Recognition Factors of the Crayfish and the Generation of Diversity

  • C. R. Jenkin
  • D. Hardy
Part of the Advances in Experimental Medicine and Biology book series (AEMB, volume 64)


During the last decade there has been a renewed interest in the mechanisms of immunity in the invertebrates. This has been due partly to the desire of immunologists to find a mechanism in these lower forms that may be an evolutionary precursor to the well defined system in the vertebrates. Approaches to this problem have been basically along two lines. It is now well established that invertebrates may have, in their haemolymph, haemagglutinins to erythrocytes from various species of vertebrates. In certain studies it is clear that these haemagglutinins are functionally analogous to the haemagglutinins present in the sera of vertebrates, for example in their presence, the phagocytosis of erythrocytes is enhanced (1–4). A number of investigators have purified haemagglutinins from various species of invertebrates but to date it would appear that there are no structural homologies between these haemagglutinins and the immunoglobulins of the vertebrates (5–12). The second approach and the one that we have chosen has been to concentrate primarily on functional analogies and to concern ourselves with the problem of determining whether the recognition of foreign material by phagocytic cells in the invertebrates depends on the reaction of the foreign material with specific proteins as it does in the vertebrates.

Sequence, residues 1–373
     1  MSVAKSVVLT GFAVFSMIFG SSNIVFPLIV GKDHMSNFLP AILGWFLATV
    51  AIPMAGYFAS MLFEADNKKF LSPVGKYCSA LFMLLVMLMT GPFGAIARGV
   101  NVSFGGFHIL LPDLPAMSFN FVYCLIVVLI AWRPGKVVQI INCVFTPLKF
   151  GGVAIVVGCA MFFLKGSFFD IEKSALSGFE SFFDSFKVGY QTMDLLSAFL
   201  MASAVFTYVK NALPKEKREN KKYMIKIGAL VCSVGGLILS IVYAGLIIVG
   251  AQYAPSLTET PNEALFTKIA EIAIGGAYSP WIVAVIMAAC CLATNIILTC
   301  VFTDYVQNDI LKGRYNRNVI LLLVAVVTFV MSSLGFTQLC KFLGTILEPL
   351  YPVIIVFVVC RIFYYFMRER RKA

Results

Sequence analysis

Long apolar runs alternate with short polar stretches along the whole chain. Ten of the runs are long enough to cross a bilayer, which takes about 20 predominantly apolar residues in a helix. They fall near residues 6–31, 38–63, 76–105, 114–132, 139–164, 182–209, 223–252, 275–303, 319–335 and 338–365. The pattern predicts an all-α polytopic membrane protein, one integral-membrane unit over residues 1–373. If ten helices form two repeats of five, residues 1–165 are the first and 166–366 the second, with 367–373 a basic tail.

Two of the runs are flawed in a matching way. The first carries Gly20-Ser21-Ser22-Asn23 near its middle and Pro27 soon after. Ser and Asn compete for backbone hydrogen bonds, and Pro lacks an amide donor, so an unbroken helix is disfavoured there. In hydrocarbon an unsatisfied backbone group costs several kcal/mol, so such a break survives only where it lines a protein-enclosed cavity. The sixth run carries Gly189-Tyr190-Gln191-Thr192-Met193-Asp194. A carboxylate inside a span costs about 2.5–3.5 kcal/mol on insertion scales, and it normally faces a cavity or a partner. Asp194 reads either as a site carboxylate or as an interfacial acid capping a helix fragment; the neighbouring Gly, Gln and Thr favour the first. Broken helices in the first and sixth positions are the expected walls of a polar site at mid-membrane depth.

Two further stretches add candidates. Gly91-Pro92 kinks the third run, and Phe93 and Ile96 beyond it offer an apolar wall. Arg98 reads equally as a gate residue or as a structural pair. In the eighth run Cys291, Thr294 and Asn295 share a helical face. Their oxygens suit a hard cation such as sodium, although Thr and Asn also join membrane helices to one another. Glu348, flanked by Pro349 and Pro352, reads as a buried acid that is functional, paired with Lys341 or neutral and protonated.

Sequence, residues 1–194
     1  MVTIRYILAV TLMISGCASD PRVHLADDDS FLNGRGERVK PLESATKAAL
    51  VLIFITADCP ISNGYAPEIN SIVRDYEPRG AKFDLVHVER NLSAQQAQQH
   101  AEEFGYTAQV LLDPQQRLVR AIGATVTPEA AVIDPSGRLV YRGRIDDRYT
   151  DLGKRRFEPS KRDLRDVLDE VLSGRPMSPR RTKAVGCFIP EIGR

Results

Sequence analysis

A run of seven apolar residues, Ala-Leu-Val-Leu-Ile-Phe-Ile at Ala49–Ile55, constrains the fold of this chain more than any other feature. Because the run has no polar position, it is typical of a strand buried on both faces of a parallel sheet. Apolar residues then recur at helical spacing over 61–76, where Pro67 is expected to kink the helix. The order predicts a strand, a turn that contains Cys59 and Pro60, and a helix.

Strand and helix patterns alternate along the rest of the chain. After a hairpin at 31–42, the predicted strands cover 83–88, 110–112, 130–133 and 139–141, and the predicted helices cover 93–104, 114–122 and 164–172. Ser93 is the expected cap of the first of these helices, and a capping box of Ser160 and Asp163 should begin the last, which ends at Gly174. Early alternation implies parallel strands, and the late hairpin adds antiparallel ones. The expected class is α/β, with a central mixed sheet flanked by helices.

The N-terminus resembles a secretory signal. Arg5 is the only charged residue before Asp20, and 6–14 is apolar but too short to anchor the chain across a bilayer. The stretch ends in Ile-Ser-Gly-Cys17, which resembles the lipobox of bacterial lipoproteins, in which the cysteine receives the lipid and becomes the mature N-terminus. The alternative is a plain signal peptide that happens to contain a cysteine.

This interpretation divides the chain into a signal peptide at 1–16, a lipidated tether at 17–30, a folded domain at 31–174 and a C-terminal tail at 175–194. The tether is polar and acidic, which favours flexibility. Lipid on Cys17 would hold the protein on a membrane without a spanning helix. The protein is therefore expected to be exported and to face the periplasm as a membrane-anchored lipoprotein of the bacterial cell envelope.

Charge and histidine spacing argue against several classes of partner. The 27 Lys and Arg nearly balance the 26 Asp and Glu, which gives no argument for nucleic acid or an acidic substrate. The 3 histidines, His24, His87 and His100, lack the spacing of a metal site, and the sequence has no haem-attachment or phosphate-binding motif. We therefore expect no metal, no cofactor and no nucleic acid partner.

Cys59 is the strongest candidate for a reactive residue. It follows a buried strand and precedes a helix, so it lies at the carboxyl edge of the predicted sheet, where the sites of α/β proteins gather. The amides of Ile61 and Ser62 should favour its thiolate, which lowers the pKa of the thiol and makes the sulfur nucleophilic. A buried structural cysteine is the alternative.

HeLa Cell Phagocytic Cell Sheep Erythrocyte Cytotoxic Reaction Recognition Factor 
These keywords were added by machine and not by the authors. This process is experimental and the keywords may be updated as the learning algorithm improves.


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Copyright information

© Springer Science+Business Media New York 1975

Authors and Affiliations

  • C. R. Jenkin
    • 1
  • D. Hardy
    • 1
  1. 1.Department of MicrobiologyThe University of AdelaideAdelaideAustralia

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